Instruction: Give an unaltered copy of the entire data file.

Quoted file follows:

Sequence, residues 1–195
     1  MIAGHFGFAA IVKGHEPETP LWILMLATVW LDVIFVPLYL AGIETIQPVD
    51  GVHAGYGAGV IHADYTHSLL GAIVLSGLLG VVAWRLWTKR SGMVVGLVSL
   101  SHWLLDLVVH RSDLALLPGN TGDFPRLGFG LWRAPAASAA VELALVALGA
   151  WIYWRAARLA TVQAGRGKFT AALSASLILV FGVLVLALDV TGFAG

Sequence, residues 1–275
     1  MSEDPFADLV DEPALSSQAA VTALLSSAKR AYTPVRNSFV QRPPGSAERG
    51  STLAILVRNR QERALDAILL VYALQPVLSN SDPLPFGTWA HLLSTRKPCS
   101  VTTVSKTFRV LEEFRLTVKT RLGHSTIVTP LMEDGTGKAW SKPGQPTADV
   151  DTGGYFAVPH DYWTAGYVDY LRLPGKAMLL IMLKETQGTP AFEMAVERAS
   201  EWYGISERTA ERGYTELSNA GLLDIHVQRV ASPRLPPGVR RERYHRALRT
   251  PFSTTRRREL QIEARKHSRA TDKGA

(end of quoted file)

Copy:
Sequence, residues 1–195
     1  MIAGHFGFAA IVKGHEPETP LWILMLATVW LDVIFVPLYL AGIETIQPVD
    51  GVHAGYGAGV IHADYTHSLL GAIVLSGLLG VVAWRLWTKR SGMVVGLVSL
   101  SHWLLDLVVH RSDLALLPGN TGDFPRLGFG LWRAPAASAA VELALVALGA
   151  WIYWRAARLA TVQAGRGKFT AALSASLILV FGVLVLALDV TGFAG

Sequence, residues 1–275
     1  MSEDPFADLV DEPALSSQAA VTALLSSAKR AYTPVRNSFV QRPPGSAERG
    51  STLAILVRNR QERALDAILL VYALQPVLSN SDPLPFGTWA HLLSTRKPCS
   101  VTTVSKTFRV LEEFRLTVKT RLGHSTIVTP LMEDGTGKAW SKPGQPTADV
   151  DTGGYFAVPH DYWTAGYVDY LRLPGKAMLL IMLKETQGTP AFEMAVERAS
   201  EWYGISERTA ERGYTELSNA GLLDIHVQRV ASPRLPPGVR RERYHRALRT
   251  PFSTTRRREL QIEARKHSRA TDKGA